Sales of Hillary Clinton’s most recent book, “Hard Choices,” slipped significantly after its first week on sale.
Clinton was reportedly paid a multi-million dollar advance by her publisher Simon & Schuster, raising questions from some about whether the publisher’s bet will pay off.
“I do think it’s doing well,” Kate McKean, vice president at Howard Morhaim Literary Agency, says of the book. “She’s not going anywhere, so this book could potentially sell, and probably will sell for years and years.”
Still, even with books by celebrities that seem destined to be best sellers, publishers are taking a gamble, says Brian DeFiore, a New York-based literary agent.
“How much do we believe in this person?," DeFiore says. "How much do we believe the public wants to hear from this person and hear more about this person? And then, how much will that person’s voice resonate for years to come?”
Something else publishers taking into account: global sales. And given Clinton’s fame, DeFiore says it’s book that should sell around the world.
President Barack Obama is expected to nominate the former head of Procter & Gamble as secretary of Veterans Affairs, following Eric Shinseki’s resignation last month. A West Point graduate, Robert McDonald spent 33 years with the company that sells Crest toothpaste, Duracell batteries, and Charmin toilet paper.
After his time in the army, McDonald spent his entire career at Procter & Gamble, where he oversaw 120,000 employees.
His four years running the company were difficult ones. When McDonald took over in 2009, P&G was deep into a strategy that emphasized charging premium prices for brand name products — a strategy that became less effective after the financial crash of 2008. McDonald’s retirement from P&G last year was under pressure.
The new assignment could bring new challenges. Even though Procter & Gamble is the world’s biggest consumer-products company, it’s actually smaller than the VA. The company reports sales of $84 billion — a bit more than half of the VA’s $154 billion budget. The VA also has more than twice as many employees as P&G.
For transgender people, work isn’t always an easy place to be – They often face discrimination, and are twice as likely to be unemployed as the rest of the population. Many who do work are under-employed. But transgender experiences at the office can tell us a lot about the status of men and women at work.
Sociologist Kristen Schilt has spent years talking to transgender men and women about their work lives. One guy she interviewed is named Thomas. He’s a lawyer. He’d begun working at his law firm as Susan. Everyone in his firm knew about his transition, but clients and others outside the firm were told Susan had been let go.
Schilt says some time after his transition, his boss told Thomas that a lawyer at another firm said, “He was so glad they had fired Susan, who he had found to be very incompetent, but that he really loved this new guy, Thomas.”
That lawyer had no idea Thomas and Susan were the same person. But they were the same person, with the exact same abilities – Thomas just looked like a man.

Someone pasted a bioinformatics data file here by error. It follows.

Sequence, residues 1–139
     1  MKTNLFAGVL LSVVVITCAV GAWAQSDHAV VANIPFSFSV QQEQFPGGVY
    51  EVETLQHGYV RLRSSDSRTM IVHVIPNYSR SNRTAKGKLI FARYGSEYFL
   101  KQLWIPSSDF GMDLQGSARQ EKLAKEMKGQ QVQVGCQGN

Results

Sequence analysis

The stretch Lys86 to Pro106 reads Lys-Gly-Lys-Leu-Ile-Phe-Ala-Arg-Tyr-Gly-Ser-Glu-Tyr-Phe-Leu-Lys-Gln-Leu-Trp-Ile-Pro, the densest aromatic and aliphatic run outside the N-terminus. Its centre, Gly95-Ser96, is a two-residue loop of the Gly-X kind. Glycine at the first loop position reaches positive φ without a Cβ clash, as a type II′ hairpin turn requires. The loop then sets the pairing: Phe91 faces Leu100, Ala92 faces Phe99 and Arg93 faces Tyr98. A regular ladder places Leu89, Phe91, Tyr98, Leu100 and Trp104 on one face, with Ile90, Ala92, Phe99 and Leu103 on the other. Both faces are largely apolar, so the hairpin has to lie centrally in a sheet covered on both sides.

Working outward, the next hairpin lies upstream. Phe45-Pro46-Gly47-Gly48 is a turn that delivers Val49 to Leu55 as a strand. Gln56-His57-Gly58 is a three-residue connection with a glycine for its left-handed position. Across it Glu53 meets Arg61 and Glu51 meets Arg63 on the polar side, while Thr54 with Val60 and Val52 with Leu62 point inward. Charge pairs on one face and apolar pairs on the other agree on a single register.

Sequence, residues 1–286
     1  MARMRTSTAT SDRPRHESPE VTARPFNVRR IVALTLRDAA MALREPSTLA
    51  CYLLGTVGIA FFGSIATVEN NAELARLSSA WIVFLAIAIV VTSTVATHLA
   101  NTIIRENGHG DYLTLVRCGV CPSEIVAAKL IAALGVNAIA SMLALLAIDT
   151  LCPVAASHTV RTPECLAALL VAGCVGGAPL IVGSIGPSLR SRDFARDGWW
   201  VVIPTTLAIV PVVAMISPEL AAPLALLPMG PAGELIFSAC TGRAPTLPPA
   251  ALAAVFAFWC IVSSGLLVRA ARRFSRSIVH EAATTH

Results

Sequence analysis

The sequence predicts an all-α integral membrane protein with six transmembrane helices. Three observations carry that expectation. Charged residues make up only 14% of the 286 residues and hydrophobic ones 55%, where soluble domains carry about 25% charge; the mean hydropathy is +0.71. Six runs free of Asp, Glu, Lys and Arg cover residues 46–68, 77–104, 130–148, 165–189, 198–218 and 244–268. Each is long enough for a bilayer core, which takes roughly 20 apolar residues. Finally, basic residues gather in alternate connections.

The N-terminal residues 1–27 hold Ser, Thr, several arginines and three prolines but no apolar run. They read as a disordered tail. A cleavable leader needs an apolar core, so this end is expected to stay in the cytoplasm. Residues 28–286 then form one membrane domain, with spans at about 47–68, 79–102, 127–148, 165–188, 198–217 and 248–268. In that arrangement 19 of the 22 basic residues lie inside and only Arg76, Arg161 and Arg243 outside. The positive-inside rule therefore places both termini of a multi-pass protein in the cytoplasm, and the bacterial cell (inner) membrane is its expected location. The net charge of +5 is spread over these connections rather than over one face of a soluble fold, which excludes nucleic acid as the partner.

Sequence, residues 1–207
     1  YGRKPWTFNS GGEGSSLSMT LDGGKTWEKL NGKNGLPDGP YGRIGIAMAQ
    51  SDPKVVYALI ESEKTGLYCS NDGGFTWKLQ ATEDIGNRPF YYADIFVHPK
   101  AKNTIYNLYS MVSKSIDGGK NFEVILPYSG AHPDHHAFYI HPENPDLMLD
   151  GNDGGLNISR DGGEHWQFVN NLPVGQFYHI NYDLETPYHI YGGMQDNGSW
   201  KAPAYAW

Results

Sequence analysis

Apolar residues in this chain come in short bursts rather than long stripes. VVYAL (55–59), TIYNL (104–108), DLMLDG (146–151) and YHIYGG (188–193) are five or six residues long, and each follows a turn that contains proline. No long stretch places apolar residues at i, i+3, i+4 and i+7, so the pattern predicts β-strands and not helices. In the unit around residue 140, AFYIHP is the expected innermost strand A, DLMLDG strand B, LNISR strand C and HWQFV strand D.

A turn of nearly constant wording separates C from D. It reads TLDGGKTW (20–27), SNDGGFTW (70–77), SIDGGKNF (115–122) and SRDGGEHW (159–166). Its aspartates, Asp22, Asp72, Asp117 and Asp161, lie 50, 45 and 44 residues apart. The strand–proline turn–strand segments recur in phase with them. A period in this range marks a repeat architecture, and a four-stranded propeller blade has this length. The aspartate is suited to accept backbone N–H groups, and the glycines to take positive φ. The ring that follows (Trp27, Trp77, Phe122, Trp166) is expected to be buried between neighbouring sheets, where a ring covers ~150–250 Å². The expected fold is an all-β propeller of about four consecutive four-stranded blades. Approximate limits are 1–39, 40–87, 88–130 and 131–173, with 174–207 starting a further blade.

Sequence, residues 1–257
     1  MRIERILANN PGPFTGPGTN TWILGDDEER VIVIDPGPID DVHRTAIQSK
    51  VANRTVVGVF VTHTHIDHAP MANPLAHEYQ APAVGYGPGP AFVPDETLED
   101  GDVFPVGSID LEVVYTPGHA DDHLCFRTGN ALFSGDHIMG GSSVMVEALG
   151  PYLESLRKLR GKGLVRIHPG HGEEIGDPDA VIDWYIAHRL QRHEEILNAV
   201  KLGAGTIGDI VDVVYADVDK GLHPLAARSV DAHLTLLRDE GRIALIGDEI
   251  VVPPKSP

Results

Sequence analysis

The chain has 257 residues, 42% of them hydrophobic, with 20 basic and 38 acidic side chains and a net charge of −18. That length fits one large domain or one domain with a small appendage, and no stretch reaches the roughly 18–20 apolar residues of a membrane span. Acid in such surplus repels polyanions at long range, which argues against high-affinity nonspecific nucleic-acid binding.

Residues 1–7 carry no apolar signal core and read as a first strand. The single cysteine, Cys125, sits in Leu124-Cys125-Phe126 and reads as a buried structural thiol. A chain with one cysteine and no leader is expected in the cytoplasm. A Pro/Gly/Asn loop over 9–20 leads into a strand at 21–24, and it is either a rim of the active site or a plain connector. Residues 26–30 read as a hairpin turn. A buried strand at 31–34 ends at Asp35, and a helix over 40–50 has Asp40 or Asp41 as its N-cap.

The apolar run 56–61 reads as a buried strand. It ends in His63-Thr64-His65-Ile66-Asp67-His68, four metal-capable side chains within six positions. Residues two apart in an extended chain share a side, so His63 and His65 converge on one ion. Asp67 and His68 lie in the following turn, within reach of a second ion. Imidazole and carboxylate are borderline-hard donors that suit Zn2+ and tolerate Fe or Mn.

Schilt says two-thirds of the transgender men she interviewed found workplace life easier once they left their female days behind. They’d say things like, “I don’t have to back up the claims I’m making. People listen to me more.” They reported having more authority than they’d ever had in their old work lives.
Chris Edwards has experienced that first hand. He’s a transgender man who works in advertising. He now perceives his workplace differently, too.
“As a creative director, and as a male creative director, I started to notice differences with the way women were treated,” he says. “But when I was a woman I didn’t really notice.”
Now he’s quite conscious of the pay gap at his firm. And he says it’s always a woman who’s expected to take the notes in meetings – no matter how senior she is.
Lisa Scheps knows all about that difference in status. When she was living publicly as a man, Scheps ran a business with three male partners. At 40, she told them she was going to start living openly as a female. She wasn’t prepared for their responses.
“One person said to me, ‘How do you expect to deal with business when all you’re going to be thinking about is nail polish?’,” says Scheps.
Her partners pushed her out of the company. Scheps has been an entrepreneur all her life. She thought she’d just start something else as a female business owner.
“My 40 years as man in the business world, I did not know failure,” she says. “Success came very easily to me.”
Not any more. Scheps, who is the co-founder of the Transgender Education Network of Texas, says administrative work is pretty much all she’s been able to find. Her income has fallen dramatically.
“It’s a very different world that I have discovered for women in the United States versus men in the Unites States,” she says. “It’s just that much harder, you just have to be that much better.”
Like everyone else who’s underemployed, Scheps says she just wants a job that matches her experience.
Ashley Milne-Tyte is the host of a podcast on women and the workplace called The Broad Experience.
Offshore oil and gas money is central to the debate over whether Scotland should break off from the U.K. — especially in the remote Shetland Islands, where North Sea oil has transformed the economy.
The father of one of the 19 firefighters who died a year ago in the Yarnell Hill Fire wants to create shelters that better shield against direct flames.
When researchers asked young children to figure out an experiment using cause and effect, they did a much better job than young adults. That may be because their thinking is more flexible and fluid.